#ThursdayIdeas | GA Nature Conservancy and Ray Allen Foundation, Girl Scouts of Historic GA, HealthMPowers

October 08, 2015
| by Editor |

Georgia's drive-through innovation lab

In West Point at the end of June, less than a mile from the Alabama border, representatives from the Georgia Conservancy and the Ray C. Anderson Foundation, Kia Motors Manufacturing Georgia, and local government and industry leaders gathered to oversee the groundbreaking for a new electric vehicle charging station at the West Point Visitor Information Center. Not just any fuel pump, this state-of-the-art, solar-powered, rapid-charging Photovoltaic for Electric Vehicle (PV4EV) station, funded by a grant of more than $100,000 from local employer Kia, is the first of its kind at a visitor center in the Southeast—what Conservancy Senior Directo Allie Kelly calls “Georgia’s gateway to the west.”

The West Point PV4EV project is also the opening salvo in a long-term campaign, with worldwide aspirations, to make highways safer and more sustainable—a product of the Foundation’s drive, the Conservancy’s know-how, and their respective networks. Through their work, the Ray C. Anderson Memorial Highway has become a 16-mile living laboratory known as the Mission Zero Corridor.

President Harriet Langford said the Foundation was established to maintain the environmental legacy of her father, entrepreneur Ray C. Anderson, whose company became a world leader in sustainable manufacturing. After his death in 2011, Anderson’s name was given to the stretch of I-85 between his hometown, West Point, and LaGrange, where he founded Interface, Inc. “The honor was a great one,” said Langford, “but the road itself made the Foundation uneasy. Highways are dirty. Ray would have asked, ‘How do we make this better?’ So we did, too.”

Funding a study by the Georgia Conservancy and Georgia Tech’s School of Architecture, the Foundation produced a blueprint for “the cleanest, safest, smartest, and most efficient highway in the world.” While attracting local support and cutting-edge technology from across the globe, said Langford, they’re also “adjusting to the learning curve, and figuring out how to implement all the great things that Georgia Tech students and others have come up with.”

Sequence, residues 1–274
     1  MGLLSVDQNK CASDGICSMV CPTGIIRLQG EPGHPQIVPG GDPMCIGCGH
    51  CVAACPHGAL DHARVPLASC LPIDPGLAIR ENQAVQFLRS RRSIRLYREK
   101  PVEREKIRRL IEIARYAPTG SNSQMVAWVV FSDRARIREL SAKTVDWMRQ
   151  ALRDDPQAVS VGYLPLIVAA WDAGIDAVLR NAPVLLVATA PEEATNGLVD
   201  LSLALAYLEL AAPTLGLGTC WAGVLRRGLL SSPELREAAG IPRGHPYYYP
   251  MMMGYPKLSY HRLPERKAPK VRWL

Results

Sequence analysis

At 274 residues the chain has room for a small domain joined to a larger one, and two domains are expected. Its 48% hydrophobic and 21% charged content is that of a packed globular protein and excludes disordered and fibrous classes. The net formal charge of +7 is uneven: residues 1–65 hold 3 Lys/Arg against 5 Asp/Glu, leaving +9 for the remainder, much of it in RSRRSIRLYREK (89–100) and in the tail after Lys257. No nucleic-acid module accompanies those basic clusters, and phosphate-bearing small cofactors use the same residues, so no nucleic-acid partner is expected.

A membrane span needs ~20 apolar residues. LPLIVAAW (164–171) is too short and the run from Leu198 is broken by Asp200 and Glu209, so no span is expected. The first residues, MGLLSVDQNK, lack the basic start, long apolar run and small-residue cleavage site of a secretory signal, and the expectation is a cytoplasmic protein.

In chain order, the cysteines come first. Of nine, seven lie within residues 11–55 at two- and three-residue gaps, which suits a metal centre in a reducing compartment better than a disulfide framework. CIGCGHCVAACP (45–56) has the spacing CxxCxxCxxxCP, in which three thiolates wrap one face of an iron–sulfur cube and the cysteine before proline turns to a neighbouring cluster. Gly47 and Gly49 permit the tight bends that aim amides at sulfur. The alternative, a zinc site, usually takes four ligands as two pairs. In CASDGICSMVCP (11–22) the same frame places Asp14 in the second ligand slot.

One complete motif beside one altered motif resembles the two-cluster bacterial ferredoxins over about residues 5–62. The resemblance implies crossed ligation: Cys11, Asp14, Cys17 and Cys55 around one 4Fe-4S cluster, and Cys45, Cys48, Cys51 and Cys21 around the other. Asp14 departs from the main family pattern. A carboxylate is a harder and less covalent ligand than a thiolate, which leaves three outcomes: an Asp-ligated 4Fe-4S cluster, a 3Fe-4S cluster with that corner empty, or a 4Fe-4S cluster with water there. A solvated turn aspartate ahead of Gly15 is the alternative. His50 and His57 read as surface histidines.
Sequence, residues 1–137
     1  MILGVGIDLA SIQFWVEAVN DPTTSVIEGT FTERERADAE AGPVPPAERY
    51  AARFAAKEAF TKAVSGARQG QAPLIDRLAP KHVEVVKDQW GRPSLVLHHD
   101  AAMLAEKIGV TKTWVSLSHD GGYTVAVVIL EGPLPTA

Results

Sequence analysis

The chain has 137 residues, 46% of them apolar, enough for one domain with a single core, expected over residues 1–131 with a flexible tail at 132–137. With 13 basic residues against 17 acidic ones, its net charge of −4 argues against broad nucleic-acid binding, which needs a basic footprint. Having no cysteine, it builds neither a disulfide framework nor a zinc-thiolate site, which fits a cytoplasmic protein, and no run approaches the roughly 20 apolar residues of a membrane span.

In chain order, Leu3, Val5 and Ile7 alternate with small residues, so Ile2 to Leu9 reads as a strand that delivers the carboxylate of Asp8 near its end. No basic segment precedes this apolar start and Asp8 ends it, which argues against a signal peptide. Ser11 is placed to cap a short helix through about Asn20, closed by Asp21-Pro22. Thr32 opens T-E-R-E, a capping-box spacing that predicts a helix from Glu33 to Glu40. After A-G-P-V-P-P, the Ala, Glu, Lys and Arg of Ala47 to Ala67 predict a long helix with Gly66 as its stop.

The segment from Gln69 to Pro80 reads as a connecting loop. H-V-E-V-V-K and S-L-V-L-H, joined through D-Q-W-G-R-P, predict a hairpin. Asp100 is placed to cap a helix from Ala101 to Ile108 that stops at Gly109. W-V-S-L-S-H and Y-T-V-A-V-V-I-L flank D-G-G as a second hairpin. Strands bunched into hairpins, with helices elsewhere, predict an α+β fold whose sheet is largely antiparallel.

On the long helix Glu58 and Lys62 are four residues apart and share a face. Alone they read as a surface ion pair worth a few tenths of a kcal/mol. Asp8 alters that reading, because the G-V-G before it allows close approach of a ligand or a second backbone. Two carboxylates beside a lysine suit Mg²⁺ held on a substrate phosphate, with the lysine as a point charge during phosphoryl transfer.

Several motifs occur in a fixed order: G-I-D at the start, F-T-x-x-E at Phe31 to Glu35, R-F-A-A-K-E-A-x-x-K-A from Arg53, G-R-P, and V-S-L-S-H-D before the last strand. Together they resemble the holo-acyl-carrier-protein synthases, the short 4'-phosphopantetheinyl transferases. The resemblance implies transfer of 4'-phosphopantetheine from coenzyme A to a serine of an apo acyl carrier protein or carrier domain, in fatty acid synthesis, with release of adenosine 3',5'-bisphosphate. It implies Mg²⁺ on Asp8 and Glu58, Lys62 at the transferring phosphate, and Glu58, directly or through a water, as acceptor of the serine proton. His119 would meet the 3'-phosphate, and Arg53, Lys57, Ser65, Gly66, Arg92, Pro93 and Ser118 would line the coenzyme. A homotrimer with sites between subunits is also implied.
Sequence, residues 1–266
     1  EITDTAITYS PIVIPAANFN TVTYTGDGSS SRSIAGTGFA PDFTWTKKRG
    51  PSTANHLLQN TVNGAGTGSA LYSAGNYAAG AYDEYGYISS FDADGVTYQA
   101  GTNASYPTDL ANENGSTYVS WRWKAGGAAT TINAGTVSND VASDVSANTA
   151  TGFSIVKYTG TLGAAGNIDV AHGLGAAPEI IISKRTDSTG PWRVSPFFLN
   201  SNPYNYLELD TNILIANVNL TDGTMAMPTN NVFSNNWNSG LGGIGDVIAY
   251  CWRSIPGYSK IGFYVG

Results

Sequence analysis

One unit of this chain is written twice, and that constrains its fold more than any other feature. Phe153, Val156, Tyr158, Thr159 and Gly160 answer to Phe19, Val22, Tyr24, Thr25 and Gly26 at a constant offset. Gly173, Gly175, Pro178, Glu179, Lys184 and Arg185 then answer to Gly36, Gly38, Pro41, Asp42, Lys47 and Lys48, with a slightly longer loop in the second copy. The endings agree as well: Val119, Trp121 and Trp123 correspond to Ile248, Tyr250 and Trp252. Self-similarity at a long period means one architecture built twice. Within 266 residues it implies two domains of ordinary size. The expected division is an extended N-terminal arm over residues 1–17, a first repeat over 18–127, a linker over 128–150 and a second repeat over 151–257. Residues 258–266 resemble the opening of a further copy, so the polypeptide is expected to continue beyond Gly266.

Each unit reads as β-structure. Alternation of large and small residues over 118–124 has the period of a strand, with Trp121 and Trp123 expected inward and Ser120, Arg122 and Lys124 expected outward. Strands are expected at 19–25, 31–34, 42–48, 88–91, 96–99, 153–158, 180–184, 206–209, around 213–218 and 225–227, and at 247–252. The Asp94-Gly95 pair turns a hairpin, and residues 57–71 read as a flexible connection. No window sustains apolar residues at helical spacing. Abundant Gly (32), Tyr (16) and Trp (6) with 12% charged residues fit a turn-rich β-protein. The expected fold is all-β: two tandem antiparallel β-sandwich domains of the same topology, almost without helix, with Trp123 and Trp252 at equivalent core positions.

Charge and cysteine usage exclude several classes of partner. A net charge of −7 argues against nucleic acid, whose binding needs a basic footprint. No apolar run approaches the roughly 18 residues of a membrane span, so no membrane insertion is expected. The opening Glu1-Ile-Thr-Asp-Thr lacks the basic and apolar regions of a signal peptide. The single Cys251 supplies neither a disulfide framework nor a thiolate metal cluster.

“It’s a test model for the world,” said Kelly. “Data from the corridor will lead us to discover best practices that can be replicated everywhere. Sustainability, safety, reducing maintenance costs, anticipating climate change: these are universal infrastructure challenges.”

Scouting in the off-season

Girl Scout troop leaders are a dedicated bunch— but even the most determined volunteers need a break. That means summertime, when most troops are inactive, can leave scouts wanting. To bridge that seasonal gap, Girl Scouts of Historic Georgia (GSHG) put together the DIY Girl Scouts program, giving girls and their families a chance to direct their own educational adventures.

“Girls get fun lessons in health, nutrition, science, and the great outdoors they can explore with a parent, or other caring adult, while they’re waiting to re-join or become part of a troop,” said Communications Manager Jacki Gaytan. Offered only to members, GSHG has used the DIY kit to recruit 44 new scouts so far this summer: “For just 30 dollars, girls get two years of Girl Scout membership, two summer program activity books, and a grab-bag of goodies.”

Teaching classrooms to get moving

Answering the call of Gov. Nathan Deal to fight childhood obesity in Georgia, HealthMPowers developed a program to equip Georgia teachers with ways to make the school day more active, in the classroom and outside of it. Among students at the 39 Georgia elementary schools participating in their Health Empowers YOU! program, evaluators found increased aerobic capacity and higher activity levels, as well as a better understanding of their importance to health.

The program’s success has made it a model for the Georgia Departments of Education and Public Health, who have already introduced a program based on HealthMPower’s findings and methods, open to all Georgia elementary schools and, soon, to child-care centers, after-school programs, and middle schools. At the same time, Blue Cross Blue Shield of Georgia Foundation will fund Health Empowers YOU! in 40 more elementary schools for the 2015-2016 school year.

 

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